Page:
Life has a way, from time to time, of destroying our comfort zones and upending our plans.
On 16 May 2018, Roger Read, 66, received one of those painful reminders. After more than a decade frequenting Cayman’s warm waters with his wife, Philippa Thomas, a snorkelling trip turned to tragedy.
At 61, Thomas had never had problems in the water before. The couple had received their Open Water PADI certification with Don Foster’s Dive around 2007 and became regulars at Cayman’s popular dive spots.
The sunshine and warm waters offered an escape from life in East Sussex, England, and after Read’s early retirement, the couple of 28 years were able to spend more time travelling together.
While Thomas appeared to be in good health, she suffered from an undetected heart condition that would prove fatal. Thomas had snorkelled on the surface above the Kittiwake that day, and after she exited the water, she began feeling symptoms of fatigue and experienced trouble breathing.
On the ride home, Thomas succumbed to long-standing, chronic heart disease.
“She died in my arms before the paramedics got there,” Read said during a memorial event Friday evening.
Rather than abandon Cayman, Read has instead decided to channel his energy into benefitting Cayman’s local businesses, from cafes to dive shops.
“It’s learning to adjust to all of that unfairness that happens to all of us sometimes in life,” he said.
On Friday evening, he hosted a night of poetry, dancing and art in downtown George Town.
The idea brought together several of the things Read and his wife loved, including poetry and music. As a member of literary group Floetry, Read invited local poets to share their work at one of downtown’s newest establishments, Carib Café. The café’s founder, Kirk Rowe, also participated, putting on a dance performance on the outdoor stage.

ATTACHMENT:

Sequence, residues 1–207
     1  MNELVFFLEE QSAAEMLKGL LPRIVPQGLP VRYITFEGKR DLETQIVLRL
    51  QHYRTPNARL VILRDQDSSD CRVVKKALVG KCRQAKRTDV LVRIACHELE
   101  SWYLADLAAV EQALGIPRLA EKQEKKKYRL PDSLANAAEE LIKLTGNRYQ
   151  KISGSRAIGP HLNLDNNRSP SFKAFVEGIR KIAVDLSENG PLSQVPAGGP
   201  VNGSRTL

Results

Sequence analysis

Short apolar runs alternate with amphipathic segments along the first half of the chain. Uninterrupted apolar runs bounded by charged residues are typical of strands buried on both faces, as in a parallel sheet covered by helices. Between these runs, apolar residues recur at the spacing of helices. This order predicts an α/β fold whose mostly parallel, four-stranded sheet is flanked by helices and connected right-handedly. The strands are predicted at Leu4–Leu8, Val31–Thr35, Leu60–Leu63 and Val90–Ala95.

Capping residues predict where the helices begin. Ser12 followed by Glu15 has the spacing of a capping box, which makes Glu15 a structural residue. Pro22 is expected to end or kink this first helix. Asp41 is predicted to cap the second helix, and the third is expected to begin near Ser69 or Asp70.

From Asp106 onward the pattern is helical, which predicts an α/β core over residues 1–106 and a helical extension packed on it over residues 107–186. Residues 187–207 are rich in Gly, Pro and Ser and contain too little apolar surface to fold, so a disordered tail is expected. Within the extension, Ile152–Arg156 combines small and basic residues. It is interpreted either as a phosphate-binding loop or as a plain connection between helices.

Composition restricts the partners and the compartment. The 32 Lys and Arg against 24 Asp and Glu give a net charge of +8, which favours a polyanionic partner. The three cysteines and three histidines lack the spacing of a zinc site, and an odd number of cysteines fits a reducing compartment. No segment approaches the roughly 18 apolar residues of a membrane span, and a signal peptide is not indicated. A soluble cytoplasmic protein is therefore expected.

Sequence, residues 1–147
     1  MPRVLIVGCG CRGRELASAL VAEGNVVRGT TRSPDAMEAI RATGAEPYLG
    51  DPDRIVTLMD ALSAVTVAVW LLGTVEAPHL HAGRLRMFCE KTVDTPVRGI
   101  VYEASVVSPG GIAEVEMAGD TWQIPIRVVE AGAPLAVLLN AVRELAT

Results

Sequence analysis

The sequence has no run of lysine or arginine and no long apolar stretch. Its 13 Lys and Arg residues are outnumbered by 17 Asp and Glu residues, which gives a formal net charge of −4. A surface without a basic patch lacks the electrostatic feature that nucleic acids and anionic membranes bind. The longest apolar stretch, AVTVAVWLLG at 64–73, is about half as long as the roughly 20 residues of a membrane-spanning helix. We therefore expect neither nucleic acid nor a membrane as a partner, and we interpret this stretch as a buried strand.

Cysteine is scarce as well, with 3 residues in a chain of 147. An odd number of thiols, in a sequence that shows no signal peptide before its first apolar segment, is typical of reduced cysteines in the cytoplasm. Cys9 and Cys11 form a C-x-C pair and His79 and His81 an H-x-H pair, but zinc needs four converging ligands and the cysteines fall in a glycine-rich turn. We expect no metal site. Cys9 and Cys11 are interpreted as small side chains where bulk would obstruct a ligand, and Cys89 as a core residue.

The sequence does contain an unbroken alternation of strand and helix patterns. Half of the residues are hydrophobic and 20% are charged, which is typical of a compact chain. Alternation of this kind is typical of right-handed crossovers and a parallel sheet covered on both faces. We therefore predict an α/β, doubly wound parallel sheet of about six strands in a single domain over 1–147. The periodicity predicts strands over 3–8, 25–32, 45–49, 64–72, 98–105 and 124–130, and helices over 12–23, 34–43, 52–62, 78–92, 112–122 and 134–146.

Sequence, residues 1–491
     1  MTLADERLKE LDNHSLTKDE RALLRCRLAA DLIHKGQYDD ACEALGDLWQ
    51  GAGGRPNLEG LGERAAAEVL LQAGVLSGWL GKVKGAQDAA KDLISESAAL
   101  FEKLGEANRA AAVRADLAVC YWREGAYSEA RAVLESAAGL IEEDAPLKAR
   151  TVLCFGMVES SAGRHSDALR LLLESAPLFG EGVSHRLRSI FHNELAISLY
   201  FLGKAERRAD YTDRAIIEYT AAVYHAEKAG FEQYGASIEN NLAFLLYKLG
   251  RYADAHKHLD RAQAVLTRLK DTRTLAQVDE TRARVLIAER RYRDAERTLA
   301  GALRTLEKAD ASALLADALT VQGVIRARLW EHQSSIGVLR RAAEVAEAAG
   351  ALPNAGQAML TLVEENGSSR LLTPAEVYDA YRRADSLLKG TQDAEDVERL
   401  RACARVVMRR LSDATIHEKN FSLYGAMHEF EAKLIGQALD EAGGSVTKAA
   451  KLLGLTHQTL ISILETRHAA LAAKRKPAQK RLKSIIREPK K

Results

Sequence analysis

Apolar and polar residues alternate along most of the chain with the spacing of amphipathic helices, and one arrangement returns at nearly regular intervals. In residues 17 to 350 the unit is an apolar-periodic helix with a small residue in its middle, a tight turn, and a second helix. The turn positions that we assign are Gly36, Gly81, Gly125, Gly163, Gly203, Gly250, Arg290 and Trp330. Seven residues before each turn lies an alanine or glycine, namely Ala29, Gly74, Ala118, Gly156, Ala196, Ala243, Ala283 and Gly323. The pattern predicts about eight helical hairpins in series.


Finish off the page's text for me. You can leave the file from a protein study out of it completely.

“To have live performance poetry, to have dance here, it brings the whole Caribbean effect to life very much so. That’s what it’s all about: it’s about people coming together, sharing poetry, loves and losses of life, also dance and movement – and hopefully having a good time at the same time,” Read said.
The night of performance art was a testament to Thomas’s “rock and roll” life, as Read described it. In the 1970s, she worked at one of Britain’s most iconic independent record labels, Stiff Records, home to punk legends such as the Damned, the Pogues and the Voidoids. Her brother, Pete Thomas, played drums for the label’s act Elvis Costello and the Attractions.
She had a lifelong love of music, books and travel.
“We were quite happy,” Read said. “We wanted to spend another 28 years together.”
The coroner’s inquest into her death, on 13 May, came back with a unanimous verdict, that Thomas died of natural causes, due to heart disease. While Read suspects the strain of snorkelling may have provoked her condition, he cannot be sure.
Now, Read is putting his full energy into creating poetry and art, and has even returned to the water.
Despite the tragedy he suffered, he has also taken on coral restoration work with Cayman Eco Divers. Owner Aaron Hunt said Read is one of the few visitors who has completed his coral conservation programme, and since he has been dedicated to visiting coral nursery sites.
The ability to be out in the water is one of the things that Read says has given him a new purpose.
“I signed up about three weeks ago to get certified with Aaron in order to do the reef regeneration work,” he said.
“It is all done by like-minded, certified volunteer divers,” he said. “[I’m] keen to preserve the reefs in a healthy condition for the future well-being of the marine life, tourism and the island’s future.”
From diving to art, it’s all about learning to reconnect with and enjoy life, Read says.
“I’ve definitely learned a lot about myself. I try to live every day for the now moment.”